For a more curated experience check out trail guides from our partner publishers.
50 Best Short Hikes: Yosemite National Park and Vicinity
by Elizabeth Wenk (Wilderness Press)
Dog Lake is often selected as a destination simply because it is one of Tuolumne Meadows’s shorter walks—an unfair depiction of a beautiful forest-ringed lake with some of the region’s best swimming beaches. The water is warm, or at least warmer than most mountain lakes, and the lakeside meadows are brightly colored with flowers. This walk is accessible as soon as the snow has melted, but it’s best after mid-July when mosquitoes are less abundant.
Day Hikes in Yosemite National Park
by Robert Stone (Day Hike Books)
Dog Lake, at 9,240 feet, is a beautiful half-mile-long lake surrounded by grassy meadows and stands of lodgepole pines. A smooth, level path circles the lake, while mountain peaks rise up in the distance. The grassy terrain and pretty surroundings make this a great place for a picnic. The trail to Dog Lake leads through a lodgepole pine forest. Although short, the trail is steep at times.
Hiking Yosemite National Park
by Suzanne Swedo (Falcon Guides)
This is an easy and popular out-and-back day hike through lodgepole pine forest to a lovely lake, tucked out of sight of Tuolumne Meadows behind Lembert Dome. It is at its most beautiful in late afternoon.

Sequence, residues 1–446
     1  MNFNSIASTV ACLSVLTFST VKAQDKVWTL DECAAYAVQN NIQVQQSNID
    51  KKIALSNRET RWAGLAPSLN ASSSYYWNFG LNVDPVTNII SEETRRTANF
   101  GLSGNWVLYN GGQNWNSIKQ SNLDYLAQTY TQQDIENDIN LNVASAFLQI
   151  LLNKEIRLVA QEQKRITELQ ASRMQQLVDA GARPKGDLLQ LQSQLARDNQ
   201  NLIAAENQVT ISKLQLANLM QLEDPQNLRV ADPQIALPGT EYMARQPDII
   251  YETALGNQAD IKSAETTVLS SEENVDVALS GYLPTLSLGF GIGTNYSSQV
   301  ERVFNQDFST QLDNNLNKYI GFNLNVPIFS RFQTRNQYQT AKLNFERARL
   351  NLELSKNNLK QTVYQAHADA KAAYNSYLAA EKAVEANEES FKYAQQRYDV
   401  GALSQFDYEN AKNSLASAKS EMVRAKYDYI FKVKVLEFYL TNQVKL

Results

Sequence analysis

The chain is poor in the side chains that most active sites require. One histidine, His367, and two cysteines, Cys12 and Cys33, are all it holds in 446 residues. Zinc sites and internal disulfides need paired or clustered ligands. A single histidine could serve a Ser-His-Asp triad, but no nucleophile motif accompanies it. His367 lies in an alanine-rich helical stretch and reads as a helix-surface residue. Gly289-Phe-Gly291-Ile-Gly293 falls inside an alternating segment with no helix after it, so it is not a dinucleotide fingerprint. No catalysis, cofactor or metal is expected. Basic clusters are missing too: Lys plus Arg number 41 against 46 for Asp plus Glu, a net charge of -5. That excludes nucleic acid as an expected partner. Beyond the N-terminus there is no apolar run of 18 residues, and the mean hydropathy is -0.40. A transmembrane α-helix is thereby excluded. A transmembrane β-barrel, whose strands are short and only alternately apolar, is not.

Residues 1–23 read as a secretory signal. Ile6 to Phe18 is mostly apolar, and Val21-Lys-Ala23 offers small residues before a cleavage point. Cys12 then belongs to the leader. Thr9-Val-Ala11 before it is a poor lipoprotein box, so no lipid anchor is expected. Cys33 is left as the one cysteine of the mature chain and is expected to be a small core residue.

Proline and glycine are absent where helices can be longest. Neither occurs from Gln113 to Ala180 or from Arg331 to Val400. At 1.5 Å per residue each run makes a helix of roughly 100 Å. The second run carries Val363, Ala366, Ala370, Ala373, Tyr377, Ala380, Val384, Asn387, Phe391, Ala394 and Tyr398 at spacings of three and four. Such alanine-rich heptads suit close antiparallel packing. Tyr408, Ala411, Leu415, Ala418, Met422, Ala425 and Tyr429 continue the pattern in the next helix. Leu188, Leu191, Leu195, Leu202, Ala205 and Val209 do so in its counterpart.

Best Easy Day Hikes: Yosemite National Park
A moderately steep but shady uphill climb takes you to the shore of this pretty little lake tucked in behind Lembert Dome. It’s worthwhile anytime, but photography is best in the afternoon. Set out northward from the small Lembert Dome/Dog Lake trailhead sign through lodgepole pines. Cross an open rocky slab polished to a high sheen in places by glaciers and 74 Best Easy Day Hikes Yosemite National Parkre enter the forest. Sometimes there are cairns to guide you, but sometimes they get washed away. Just walk straight across the rocks and watch for the continuation of the trail on the far side (north). At 0.1 mile a trail comes in from the stables to the left (west). Take the right (north) fork. Just beyond, another trail comes in from the stables. Keep right (north) again. Climb steeply alongside the sheer face of Lembert Dome and then cross a little creek.
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